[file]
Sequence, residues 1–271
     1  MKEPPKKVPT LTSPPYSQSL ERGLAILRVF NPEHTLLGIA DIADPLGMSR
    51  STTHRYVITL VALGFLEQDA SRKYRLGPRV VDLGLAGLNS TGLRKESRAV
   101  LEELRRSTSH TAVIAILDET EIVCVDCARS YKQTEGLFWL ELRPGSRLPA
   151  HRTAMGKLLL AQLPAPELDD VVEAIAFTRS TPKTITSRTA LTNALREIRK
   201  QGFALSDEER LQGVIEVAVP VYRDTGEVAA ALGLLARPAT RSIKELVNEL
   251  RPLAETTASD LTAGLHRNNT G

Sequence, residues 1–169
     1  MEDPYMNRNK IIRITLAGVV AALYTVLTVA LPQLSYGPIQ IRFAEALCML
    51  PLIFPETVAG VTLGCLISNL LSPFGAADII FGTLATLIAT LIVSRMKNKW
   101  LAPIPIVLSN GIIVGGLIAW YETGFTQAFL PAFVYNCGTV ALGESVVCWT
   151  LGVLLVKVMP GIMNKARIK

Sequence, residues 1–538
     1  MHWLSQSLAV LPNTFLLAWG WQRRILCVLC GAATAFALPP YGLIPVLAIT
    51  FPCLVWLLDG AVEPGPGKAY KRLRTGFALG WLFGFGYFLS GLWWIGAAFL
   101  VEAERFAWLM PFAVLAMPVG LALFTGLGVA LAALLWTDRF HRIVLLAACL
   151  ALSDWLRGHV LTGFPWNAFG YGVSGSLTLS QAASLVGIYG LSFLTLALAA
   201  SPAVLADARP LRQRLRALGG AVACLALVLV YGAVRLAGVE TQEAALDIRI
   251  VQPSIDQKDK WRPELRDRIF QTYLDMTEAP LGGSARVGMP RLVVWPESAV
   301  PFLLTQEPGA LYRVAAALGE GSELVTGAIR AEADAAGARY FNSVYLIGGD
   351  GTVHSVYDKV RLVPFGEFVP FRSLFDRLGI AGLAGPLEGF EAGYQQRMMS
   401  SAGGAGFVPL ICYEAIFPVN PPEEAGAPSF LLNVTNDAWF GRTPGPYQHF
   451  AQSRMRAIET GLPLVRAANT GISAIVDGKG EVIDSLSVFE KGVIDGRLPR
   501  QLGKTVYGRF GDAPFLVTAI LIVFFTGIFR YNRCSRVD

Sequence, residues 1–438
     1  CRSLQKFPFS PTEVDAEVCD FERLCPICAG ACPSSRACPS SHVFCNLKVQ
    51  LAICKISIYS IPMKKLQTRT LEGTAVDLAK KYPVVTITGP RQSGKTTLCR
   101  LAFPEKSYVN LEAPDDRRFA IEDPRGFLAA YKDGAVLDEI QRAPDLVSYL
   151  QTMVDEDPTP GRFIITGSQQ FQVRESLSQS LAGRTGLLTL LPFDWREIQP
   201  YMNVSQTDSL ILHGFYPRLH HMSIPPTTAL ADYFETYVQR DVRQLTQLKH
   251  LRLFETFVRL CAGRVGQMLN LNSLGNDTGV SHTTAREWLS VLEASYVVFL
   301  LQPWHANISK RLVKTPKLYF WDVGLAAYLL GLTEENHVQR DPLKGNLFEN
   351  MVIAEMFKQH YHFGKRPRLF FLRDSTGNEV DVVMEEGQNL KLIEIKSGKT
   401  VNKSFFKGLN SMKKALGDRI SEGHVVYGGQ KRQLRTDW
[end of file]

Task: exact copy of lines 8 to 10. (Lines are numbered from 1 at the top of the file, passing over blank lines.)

Sequence, residues 1–169
     1  MEDPYMNRNK IIRITLAGVV AALYTVLTVA LPQLSYGPIQ IRFAEALCML
    51  PLIFPETVAG VTLGCLISNL LSPFGAADII FGTLATLIAT LIVSRMKNKW